Lincoln Fernando Johnson, an art historian, teacher and former art critic for The Sun, died Tuesday of leukemia at Greater Baltimore Medical Center. He was 80 and lived in Towson.
A Goucher College professor for 35 years, he wrote his thesis on French artist Toulouse-Lautrec and lectured widely on film. In the 1960s, he was an organizer of the Maryland Film Festival, later the Film Forum. He wrote art criticism for The Sun from 1971 to 1978.
"He was great fun to go to the movies with. He looked at film as art and not as story - as something to see - rather than the dialogue," said Brooke Pierce, retired Goucher professor of English. "He was one of the brightest of my colleagues. His mind was brilliantly intellectual and richly creative."
"What made him a good critic was that he was a painter himself. He brought a wonderful objectivity to anything he wrote," said artist Greg Otto of Roland Park.
Mr. Johnson was the author of the book "Film: Space, Time, Light and Sound," published in 1974, and introduced films shown at the Enoch Pratt Free Library. He testified locally for the defense of "I Am Curious (Yellow)," a 1969 film that censors sought to expurgate, and also was a champion of the Federico Fellini film "La Dolce Vita."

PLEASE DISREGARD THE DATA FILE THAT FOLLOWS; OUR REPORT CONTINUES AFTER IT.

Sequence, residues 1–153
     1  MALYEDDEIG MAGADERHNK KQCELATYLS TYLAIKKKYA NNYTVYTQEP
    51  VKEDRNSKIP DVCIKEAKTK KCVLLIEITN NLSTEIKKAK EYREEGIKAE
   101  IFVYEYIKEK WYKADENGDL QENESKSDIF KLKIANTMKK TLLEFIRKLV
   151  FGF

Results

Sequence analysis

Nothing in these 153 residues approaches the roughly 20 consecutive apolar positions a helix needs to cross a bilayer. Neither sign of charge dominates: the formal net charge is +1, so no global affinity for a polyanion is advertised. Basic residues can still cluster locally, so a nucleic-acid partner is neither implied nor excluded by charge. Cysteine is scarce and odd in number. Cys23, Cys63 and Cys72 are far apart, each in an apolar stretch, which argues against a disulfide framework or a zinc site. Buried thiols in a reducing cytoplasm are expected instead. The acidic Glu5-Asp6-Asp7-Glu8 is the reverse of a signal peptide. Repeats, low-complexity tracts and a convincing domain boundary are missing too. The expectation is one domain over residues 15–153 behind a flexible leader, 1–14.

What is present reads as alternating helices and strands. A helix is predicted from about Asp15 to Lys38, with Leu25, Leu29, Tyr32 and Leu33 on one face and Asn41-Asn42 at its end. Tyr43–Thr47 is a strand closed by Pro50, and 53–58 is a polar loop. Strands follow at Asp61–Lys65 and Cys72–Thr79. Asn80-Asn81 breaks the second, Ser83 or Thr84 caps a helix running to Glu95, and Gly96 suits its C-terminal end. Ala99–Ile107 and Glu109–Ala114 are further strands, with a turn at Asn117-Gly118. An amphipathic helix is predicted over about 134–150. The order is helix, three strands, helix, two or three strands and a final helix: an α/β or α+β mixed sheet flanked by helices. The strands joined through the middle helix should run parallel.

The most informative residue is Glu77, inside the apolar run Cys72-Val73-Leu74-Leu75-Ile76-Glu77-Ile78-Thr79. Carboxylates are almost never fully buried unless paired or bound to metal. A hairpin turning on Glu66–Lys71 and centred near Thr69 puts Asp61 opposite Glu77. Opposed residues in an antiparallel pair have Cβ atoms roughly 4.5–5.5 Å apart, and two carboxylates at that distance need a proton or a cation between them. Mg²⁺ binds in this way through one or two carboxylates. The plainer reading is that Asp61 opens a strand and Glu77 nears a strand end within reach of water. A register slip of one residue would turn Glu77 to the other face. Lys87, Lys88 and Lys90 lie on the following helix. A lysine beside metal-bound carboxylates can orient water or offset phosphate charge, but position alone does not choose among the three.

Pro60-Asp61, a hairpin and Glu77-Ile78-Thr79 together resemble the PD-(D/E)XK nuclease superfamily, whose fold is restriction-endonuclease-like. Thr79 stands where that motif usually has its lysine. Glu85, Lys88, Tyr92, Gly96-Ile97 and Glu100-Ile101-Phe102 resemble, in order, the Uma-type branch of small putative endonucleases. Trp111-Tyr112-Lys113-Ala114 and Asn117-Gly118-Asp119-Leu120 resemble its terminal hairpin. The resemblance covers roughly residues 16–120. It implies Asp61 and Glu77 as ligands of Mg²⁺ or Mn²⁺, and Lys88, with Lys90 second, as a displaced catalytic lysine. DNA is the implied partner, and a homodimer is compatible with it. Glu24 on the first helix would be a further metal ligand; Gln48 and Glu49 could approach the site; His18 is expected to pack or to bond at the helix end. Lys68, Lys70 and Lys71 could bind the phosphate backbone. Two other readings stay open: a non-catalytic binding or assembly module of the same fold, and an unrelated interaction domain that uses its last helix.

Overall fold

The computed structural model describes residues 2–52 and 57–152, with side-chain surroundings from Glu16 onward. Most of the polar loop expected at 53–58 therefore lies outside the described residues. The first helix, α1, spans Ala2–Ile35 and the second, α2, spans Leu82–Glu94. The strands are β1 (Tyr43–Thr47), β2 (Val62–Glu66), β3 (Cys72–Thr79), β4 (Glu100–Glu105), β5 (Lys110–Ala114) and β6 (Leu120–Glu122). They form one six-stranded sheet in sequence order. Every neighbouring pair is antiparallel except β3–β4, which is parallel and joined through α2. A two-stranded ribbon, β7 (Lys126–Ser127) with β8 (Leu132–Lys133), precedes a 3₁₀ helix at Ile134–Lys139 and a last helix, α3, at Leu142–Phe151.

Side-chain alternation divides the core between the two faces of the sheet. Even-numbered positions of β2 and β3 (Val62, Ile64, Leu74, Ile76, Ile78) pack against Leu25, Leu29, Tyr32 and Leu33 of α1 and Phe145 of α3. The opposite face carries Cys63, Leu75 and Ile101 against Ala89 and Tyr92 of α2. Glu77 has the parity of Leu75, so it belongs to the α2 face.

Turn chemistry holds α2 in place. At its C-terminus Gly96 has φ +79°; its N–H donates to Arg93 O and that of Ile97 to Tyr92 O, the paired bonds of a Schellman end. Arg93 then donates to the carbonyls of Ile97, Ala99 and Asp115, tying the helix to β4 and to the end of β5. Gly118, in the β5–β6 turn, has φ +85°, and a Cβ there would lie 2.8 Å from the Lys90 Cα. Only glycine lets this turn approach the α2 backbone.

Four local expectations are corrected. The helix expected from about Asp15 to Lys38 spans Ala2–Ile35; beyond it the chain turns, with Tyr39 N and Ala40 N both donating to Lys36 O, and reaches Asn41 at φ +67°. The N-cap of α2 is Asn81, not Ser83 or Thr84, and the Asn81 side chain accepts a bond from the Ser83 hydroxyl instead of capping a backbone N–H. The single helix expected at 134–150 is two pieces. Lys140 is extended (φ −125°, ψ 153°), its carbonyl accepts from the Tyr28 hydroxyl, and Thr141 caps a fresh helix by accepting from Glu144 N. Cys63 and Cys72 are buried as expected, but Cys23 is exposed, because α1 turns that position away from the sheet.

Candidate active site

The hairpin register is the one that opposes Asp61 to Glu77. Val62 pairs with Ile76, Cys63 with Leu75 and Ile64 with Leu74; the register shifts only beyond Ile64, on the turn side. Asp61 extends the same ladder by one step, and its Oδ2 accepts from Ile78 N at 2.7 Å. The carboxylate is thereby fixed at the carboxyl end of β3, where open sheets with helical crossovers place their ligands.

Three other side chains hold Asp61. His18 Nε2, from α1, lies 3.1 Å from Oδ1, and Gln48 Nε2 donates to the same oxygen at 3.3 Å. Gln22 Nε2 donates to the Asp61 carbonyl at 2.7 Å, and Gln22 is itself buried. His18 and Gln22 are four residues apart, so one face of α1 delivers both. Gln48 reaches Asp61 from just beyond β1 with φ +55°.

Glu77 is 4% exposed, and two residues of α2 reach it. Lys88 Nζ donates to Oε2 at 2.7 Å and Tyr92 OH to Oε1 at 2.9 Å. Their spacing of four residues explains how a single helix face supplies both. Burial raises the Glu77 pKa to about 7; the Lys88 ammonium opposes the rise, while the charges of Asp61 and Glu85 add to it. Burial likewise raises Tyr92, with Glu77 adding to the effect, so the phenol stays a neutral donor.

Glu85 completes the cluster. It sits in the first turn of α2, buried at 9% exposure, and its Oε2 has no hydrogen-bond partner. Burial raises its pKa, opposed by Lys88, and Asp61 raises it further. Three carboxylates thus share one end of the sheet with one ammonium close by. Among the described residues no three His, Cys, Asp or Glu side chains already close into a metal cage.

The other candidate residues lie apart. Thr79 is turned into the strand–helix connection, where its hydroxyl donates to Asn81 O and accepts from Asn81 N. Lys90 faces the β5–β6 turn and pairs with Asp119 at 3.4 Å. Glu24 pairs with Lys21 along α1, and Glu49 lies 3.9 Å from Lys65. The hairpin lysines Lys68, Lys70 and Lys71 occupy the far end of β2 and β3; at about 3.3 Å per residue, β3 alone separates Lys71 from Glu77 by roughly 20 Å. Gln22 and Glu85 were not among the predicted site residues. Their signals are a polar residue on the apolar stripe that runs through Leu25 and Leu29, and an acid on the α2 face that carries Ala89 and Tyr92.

He joined the Goucher faculty in 1950 and taught numerous courses, often focusing on 19th- and 20th-century European and American art. He chaired the school's fine arts department before his 1985 retirement.
Born in Lynn, Mass., Mr. Johnson was a graduate of Lynn Classical High School, Bowdoin College and Harvard University, where he received his master's degree and doctorate. He was elected to Phi Beta Kappa.
During World War II, he served in the Army Air Forces in China, Burma and India.
In 1974, he married Rodica Isaila, who survives him. His earlier marriages ended in divorce.
He is also survived by two sons, Michael Johnson of Weare, N.H., and Christopher Yavelow of the Netherlands; and two granddaughters.
Services will be held at 1:30 p.m. tomorrow at Ruck Towson Funeral Home, 1050 York Road.